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Ikon Global Markets, Inc v. Commodity Futures Trading


May 15, 2012


The opinion of the court was delivered by: Rudolph Contreras United States District Judge


After losing an arbitration to one of its customers,IKON Global Markets, Inc. brought this suit. IKON is a futures commission merchant-essentially, a broker of futures contracts-registered with the National Futures Association ("NFA"), which is regulated by the Commodity Futures Trading Commission ("CFTC"). The arbitration was conducted by an NFA panel. IKON alleges that the panel erred, and asks this court to nullify its decision and ensure that no such error is committed again. The CFTC has moved to dismiss the case for lack of subject matter jurisdiction. Although the court has jurisdiction, it will dismiss the complaint sua sponte for failure to state a claim on which relief can be granted.


The CFTC is "an independent agency vested with broad authority to adopt rules that, in its judgment, are necessary to carry out the purposes of the Commodity Exchange Act" ("CEA"). Belom v. Nat'l Futures Ass'n, 284 F.3d 795, 797 (7th Cir. 2002) (abbreviation expanded). The CEA requires registered futures associations such as the NFA to "provide a fair, equitable, and expeditious procedure through arbitration or otherwise for the settlement of customers' claims and grievances against any member" of the association. 7 U.S.C. § 21(b)(10). The NFA-a statutorily-authorized self-regulatory organization for the futures industry, see Merrill Lynch, Pierce, Fenner & Smith, Inc. v. Curran, 456 U.S. 353, 365 n.28 (1982)-has accordingly established a code of arbitration and member arbitration rules which, like all NFA rules, are subject to CFTC approval. See 7 U.S.C. § 21(j). The code and rules both provide that there is no right of appeal from the decision of an NFA arbitration panel. National Futures Association, NFA Manual, Code of Arbitration, § 10(d); (2012) ("There shall be no right of appeal of the award."); id., Member Arbitration Rules, § 10(d) (same).*fn1 Parties can request that the panel modify its decision on certain limited grounds, but they are explicitly barred from rearguing the merits of the controversy. Id., Code of Arbitration, § 10(c); id., Member Arbitration Rules, § 10(c) (both allowing the modification of an award that is "imperfect in matter of form not affecting the merits of the controversy"). And the CFTC does not review the decisions of NFA arbitration panels. 17 C.F.R. § 171.1(b)(2). Of course, the losing party can challenge the award under the Federal Arbitration Act, but "judicial review of arbitral awards is extremely limited" and does not encompass "claims of factual or legal error by an arbitrator." Kurke v. Oscar Gruss & Son, Inc., 454 F.3d 350, 354 (D.C. Cir. 2006) (internal quotation marks omitted).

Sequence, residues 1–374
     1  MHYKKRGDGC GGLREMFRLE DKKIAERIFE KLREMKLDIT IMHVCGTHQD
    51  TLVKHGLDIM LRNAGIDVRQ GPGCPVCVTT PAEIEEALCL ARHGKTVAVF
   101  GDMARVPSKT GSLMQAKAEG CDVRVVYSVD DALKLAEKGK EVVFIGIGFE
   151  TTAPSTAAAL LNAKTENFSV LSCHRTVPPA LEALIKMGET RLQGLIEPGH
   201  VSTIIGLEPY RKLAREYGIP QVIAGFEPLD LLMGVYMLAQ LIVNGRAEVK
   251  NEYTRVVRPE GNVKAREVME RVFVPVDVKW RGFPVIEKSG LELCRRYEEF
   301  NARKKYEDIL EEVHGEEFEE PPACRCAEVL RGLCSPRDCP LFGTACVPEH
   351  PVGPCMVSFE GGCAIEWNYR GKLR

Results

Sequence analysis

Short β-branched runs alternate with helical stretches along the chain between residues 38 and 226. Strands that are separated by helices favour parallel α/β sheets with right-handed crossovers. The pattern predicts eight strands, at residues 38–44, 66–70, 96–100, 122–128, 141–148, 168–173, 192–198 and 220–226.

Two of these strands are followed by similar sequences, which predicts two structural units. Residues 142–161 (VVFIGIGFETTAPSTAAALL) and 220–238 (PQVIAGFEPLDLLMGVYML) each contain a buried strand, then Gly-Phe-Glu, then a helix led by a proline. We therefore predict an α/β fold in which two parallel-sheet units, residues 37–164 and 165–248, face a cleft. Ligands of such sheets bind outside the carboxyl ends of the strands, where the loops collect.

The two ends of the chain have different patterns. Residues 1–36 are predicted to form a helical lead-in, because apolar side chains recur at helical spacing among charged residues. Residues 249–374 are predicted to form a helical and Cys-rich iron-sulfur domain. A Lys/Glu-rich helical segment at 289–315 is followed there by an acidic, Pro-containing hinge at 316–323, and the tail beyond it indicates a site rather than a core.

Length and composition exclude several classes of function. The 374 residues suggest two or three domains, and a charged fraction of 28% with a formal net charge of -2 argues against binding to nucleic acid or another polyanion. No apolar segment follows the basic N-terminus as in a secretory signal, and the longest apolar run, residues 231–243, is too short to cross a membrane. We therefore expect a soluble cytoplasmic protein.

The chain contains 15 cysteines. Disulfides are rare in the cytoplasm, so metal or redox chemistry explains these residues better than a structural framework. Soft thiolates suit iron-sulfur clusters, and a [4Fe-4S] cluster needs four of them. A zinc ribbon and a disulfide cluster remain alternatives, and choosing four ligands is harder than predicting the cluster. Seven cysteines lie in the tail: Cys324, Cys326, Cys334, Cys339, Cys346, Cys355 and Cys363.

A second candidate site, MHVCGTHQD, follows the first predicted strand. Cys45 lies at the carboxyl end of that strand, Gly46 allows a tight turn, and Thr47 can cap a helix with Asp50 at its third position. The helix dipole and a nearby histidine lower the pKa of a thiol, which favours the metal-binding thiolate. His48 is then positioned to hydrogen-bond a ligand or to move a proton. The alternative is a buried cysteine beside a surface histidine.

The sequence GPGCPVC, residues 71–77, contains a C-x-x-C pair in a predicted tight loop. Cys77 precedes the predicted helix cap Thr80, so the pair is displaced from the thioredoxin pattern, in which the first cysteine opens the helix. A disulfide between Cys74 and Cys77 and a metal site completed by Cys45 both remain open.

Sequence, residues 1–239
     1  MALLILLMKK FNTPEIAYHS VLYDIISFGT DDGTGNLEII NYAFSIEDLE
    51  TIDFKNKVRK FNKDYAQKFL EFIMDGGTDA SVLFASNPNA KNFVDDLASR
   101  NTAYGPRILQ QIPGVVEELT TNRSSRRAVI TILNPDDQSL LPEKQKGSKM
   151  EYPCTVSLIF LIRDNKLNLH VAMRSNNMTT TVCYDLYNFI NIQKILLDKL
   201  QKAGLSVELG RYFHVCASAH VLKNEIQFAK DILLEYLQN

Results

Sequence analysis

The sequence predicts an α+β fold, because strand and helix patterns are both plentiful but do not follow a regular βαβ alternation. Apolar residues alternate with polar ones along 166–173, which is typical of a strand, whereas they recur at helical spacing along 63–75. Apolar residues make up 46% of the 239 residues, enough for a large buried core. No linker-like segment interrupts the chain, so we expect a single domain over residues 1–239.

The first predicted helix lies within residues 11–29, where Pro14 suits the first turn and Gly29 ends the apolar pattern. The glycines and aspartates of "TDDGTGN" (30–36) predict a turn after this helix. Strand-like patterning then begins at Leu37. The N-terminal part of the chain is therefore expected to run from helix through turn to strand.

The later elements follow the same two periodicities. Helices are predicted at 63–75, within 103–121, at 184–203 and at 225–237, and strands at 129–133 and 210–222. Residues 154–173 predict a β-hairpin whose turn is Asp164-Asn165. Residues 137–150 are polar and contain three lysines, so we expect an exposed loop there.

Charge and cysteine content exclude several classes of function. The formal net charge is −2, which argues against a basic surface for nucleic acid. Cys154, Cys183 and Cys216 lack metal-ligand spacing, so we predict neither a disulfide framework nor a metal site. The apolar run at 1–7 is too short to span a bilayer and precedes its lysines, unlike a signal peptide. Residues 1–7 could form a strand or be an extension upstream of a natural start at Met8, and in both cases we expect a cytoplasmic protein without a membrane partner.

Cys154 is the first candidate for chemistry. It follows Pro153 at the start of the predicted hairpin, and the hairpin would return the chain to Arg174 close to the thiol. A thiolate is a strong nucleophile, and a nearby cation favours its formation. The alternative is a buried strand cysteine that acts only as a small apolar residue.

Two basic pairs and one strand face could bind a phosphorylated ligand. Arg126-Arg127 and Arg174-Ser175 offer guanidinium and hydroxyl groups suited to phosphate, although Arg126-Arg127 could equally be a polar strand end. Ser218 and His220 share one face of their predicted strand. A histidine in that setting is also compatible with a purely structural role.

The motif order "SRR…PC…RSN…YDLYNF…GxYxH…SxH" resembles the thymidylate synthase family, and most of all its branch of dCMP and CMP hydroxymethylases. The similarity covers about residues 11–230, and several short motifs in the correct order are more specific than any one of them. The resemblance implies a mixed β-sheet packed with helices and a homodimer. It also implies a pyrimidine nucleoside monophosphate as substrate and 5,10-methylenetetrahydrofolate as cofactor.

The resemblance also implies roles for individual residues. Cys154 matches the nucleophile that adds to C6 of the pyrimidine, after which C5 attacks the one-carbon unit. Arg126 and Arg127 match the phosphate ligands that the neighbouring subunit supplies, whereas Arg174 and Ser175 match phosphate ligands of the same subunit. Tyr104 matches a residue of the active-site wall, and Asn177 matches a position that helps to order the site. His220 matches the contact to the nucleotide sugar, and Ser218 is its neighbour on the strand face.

In 2009, two IKON customers brought claims against the company before NFA arbitrators. Compl. ¶ 11. Both claims involved IKON's decision to close out offsetting currency positions in a customer's foreign exchange account.*fn2 The NFA had recently adopted a rule forbidding members from maintaining such positions for their customers.*fn3 IKON prevailed in one arbitration; its customer prevailed in the other. Compl. ¶¶ 11--12. IKON challenged the decision against it in the Western District of Washington but failed to serve timely notice of its motion to vacate, as the Federal Arbitration Act requires. 9 U.S.C. § 12. IKON's motion was therefore dismissed, and the award against it confirmed. Ikon Global Markets, Inc. v. Appert, No. 11-53, slip op. at 9 (W.D. Wash. July 28, 2011).

The day before filing its complaint in that case, IKON brought this suit against the CFTC. IKON alleges here that it has been subject to inconsistent decisions by NFA arbitration panels, and asks the court to nullify the award against the company and order the CFTC to ensure that the NFA does not allow such arbitral inconsistencies in the future.


This is a court of limited jurisdiction, possessing "only that power authorized by Constitution and statute." Kokkonen v. Guardian Life Ins. Co., 511 U.S. 375, 377 (1994). The CFTC has moved under Federal Rule of Civil Procedure 12(b)(1) to dismiss the complaint for lack of jurisdiction. The plaintiff bears the burden of establishing the court's jurisdiction. Shuler v. United States, 531 F.3d 930, 932 (D.C. Cir. 2008); Moms Against Mercury v. FDA, 483 F.3d 824, 828 (D.C. Cir. 2007). In evaluating a motion to dismiss for lack of jurisdiction, the court must take the plaintiff's factual allegations as true, see El-Shifa Pharm. Indus. Co. v. United States, 607 F.3d 836, 839 (D.C. Cir. 2010) (en banc), although cases seeking judicial review of agency action do not generally present issues of fact. See Rempfer v. Sharfstein, 583 F.3d 860, 865 (D.C. Cir. 2009); Am. Bioscience, Inc. v. Thompson, 269 F.3d 1077, 1083 (D.C. Cir. 2001) ("[W]hen a party seeks review of agency action under the APA, the district judge sits as an appellate tribunal. The 'entire case' on review is a question of law."); Marshall Cnty. Health Care Auth. v. Shalala, 988 F.2d 1221, 1226 (D.C. Cir. 1993) (In an APA case, the "complaint, properly read, actually presents no factual allegations, but rather only arguments about the legal conclusion to be drawn about the agency action.").

The CFTC argues that the court lacks subject matter jurisdiction to hear this case because IKON lacks both constitutional and prudential standing and no statute confers jurisdiction. The court will consider each argument in turn.